Years ago, I wrote about n+1, the silly philosophy that people should perpetually aspire for their bike stables to have one more bike. I called the piece The Truth and Nonsense of the N+1 Principle and shared my own n+1 journey, which ultimately resulted in a collection of 10 bicycles just for me scattered throughout my home.
The n+1 years began during a time when I was exploring various kinds of steel bicycles: single speeds, folders, touring bikes, commuters, randonneuring frames, and road bikes. This chapter also coincided with a time when I had begun to ride more seriously, and put up big miles through randonneuring and weekend rides.
It seemed only natural to take my new identity as a bike enthusiast and apply it to bicycles as well as my cycling. I had bikes with fenders. Others had racks so I could carry panniers. A few had tire clearance for nothing greater than 28s. One had disc brakes. Two had small wheels. One was a fast fold for short rides, while another was really a packable folder designed for long rides.
These bikes were fun to explore. Each one had its own fit and ride feel. The paint schemes ranged all across the color wheel, although I’m happy to report that all were solid creams or pearls. No fades in my collection, thank you.
This stable helped me hone my riding preferences. Over time, though, I found my personality wasn’t suited to the n+1 lifestyle. Bikes I had pined for, “needed”, and eventually purchased began to gather dust in the Dining Room Bike Shop.
I loved my collection of bicycles, but I am not a collector. If I have a bike taking up space in my home, I want to ride it. And if that steed’s tires are not tasting the pavement on a semi-regular basis, then it should go.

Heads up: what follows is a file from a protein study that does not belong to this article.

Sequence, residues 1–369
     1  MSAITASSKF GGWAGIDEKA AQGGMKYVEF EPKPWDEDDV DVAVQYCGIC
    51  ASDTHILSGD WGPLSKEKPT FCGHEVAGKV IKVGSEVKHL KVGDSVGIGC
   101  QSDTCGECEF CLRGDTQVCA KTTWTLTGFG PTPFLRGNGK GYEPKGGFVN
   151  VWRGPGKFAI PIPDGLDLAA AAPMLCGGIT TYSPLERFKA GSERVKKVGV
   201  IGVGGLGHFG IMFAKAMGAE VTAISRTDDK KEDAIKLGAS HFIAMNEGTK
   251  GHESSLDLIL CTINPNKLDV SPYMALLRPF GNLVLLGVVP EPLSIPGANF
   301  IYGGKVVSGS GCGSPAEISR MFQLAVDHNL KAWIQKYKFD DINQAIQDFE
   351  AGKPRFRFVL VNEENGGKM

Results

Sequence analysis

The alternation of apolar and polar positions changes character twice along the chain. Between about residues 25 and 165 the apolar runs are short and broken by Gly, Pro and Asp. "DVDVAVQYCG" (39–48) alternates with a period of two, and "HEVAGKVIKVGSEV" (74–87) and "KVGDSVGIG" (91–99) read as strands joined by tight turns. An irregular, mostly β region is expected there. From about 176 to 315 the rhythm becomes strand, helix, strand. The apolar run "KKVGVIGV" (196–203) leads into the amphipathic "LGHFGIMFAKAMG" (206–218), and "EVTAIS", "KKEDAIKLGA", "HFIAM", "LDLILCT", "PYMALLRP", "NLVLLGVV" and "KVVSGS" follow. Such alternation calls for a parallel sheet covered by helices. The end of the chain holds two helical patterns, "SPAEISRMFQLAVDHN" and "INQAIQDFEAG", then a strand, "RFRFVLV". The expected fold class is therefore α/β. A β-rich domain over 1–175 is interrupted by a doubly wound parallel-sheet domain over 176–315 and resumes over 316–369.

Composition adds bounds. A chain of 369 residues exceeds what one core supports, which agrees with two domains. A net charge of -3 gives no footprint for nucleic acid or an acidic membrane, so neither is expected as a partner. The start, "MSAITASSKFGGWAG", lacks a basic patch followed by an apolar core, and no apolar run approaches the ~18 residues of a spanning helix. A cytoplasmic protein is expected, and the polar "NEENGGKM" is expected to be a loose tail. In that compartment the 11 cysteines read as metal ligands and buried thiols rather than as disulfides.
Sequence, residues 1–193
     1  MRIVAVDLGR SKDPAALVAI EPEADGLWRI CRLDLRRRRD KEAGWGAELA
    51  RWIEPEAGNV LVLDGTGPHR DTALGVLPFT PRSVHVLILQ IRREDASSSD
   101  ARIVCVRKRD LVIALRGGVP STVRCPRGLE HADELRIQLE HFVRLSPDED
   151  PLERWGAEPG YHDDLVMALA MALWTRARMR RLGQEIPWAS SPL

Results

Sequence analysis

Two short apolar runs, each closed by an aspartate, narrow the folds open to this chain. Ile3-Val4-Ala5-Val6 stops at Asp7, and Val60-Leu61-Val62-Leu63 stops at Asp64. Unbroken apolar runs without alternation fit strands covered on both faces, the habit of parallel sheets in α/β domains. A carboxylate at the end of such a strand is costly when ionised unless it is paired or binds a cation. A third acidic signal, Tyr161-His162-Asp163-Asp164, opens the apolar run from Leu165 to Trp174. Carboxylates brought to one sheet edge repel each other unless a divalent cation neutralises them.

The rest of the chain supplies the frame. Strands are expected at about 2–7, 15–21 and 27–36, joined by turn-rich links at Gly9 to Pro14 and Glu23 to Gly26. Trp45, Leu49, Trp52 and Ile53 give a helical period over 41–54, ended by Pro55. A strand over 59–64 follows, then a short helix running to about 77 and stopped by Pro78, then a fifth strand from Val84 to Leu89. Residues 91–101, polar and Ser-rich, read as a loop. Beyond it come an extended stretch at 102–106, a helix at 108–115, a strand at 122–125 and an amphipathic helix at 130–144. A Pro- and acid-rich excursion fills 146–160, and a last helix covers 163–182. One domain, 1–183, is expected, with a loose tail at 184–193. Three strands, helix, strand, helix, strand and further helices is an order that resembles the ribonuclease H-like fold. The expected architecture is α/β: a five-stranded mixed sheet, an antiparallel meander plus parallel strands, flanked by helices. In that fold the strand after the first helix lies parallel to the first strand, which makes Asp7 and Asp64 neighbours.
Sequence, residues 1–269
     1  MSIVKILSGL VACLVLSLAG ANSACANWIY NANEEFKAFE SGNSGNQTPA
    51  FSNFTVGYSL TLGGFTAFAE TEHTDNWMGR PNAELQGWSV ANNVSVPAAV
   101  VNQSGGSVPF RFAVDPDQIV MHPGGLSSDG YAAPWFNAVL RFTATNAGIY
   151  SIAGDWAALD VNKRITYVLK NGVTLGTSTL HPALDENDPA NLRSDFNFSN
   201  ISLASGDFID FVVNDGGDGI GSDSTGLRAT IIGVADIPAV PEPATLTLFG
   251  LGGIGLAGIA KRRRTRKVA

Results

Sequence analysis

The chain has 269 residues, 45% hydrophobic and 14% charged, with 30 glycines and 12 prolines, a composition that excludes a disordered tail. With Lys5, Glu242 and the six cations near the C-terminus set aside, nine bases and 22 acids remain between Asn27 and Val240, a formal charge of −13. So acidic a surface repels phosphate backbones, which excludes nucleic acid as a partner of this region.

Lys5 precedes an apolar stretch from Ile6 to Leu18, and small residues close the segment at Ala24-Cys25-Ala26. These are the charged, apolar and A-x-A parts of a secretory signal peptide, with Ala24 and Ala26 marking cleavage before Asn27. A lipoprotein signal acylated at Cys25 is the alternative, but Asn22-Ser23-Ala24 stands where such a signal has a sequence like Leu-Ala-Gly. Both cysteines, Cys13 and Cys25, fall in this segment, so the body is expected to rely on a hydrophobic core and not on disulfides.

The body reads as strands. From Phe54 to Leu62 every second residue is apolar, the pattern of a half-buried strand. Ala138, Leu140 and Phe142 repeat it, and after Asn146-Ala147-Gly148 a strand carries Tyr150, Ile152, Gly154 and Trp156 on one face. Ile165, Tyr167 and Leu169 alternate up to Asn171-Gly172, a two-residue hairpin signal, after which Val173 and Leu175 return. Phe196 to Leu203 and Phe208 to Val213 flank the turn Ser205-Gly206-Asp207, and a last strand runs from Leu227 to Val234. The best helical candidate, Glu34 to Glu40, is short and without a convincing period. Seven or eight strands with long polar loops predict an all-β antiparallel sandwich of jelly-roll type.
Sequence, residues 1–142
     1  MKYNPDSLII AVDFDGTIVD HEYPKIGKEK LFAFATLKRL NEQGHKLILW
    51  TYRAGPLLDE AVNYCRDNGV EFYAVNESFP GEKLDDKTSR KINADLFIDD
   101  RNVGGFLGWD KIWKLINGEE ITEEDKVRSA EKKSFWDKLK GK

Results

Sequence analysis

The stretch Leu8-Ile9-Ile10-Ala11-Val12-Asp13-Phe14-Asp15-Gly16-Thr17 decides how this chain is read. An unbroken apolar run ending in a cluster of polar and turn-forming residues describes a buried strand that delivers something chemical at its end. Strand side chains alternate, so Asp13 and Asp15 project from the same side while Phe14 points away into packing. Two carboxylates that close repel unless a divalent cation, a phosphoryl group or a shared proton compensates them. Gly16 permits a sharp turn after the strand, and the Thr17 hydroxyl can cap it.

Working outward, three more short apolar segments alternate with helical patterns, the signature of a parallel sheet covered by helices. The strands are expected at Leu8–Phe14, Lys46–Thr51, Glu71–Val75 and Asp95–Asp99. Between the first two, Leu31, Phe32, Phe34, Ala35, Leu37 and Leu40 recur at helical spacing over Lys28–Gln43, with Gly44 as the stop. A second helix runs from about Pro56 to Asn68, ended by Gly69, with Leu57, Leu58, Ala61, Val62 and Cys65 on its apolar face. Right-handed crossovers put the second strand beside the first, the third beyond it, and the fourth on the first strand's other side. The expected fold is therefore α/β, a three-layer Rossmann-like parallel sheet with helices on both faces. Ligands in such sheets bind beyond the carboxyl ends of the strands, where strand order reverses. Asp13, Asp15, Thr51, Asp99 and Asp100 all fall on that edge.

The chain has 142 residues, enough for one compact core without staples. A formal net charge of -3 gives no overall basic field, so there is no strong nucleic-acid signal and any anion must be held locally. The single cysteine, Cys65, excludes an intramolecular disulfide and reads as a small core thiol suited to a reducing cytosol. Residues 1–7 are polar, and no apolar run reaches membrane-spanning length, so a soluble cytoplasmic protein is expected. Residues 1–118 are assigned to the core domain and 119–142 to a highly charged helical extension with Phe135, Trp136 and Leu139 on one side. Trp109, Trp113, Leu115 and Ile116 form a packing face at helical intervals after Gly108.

Right-size for me is about n=5: one for gravel, one for light touring, a mixte that can take panniers for commuting, one single speed, and maybe a fast folder, since having one saved me during a time when my building was being hostile to bicycles.
Any more bikes than that, and my bike love is maxed out, and parts of the stable will not see the miles they deserve. I apologize to all the bikes who came to reside with me only to find out that they would be leaning against a wall in the Dining Room Bike Shop (or hallway or bedroom). It must have been disappointing.
But all is not lost for these bicycles so worry not, readers! They will see use. N-1 was my winter revelation and since then, Felkerino and I have begun to set a few free. I thought it would be hard to do, but with the n-1 truth in hand it has not been too difficult. And with people wanting to ride bikes now more than ever, n-1 could not have come at a better time.
Granted I am a slightly weird seller. Maybe we all are when it comes to our bikes. I practically interviewed the person who purchased my Surly Long Haul Trucker to see if the two would really be a good match. Yeah, I interviewed him. Definitely.
I was irrationally happy when the person who purchased my Bridgestone RB-1 told me that he had a MB-1 as well. “That’s so great! The bikes can hang out together!” I only thought these statements, I did not say them out loud. I don’t think I did, anyway.
I may have other emotional hiccups when I sell others that I’m intent on making n-1, but reducing the stable has left me with positive vibes. Someone gets a bike they want and hopefully ride, while I free up space and use all the bikes I own.
This indulgence in n+1 over the years was a privilege and I had lots of fun with it. I’m still privileged to have the bicycles I do. Still, putting n-1 into action and right-sizing to a number still greater than one feels almost as good as my n+1 pursuits were – maybe better.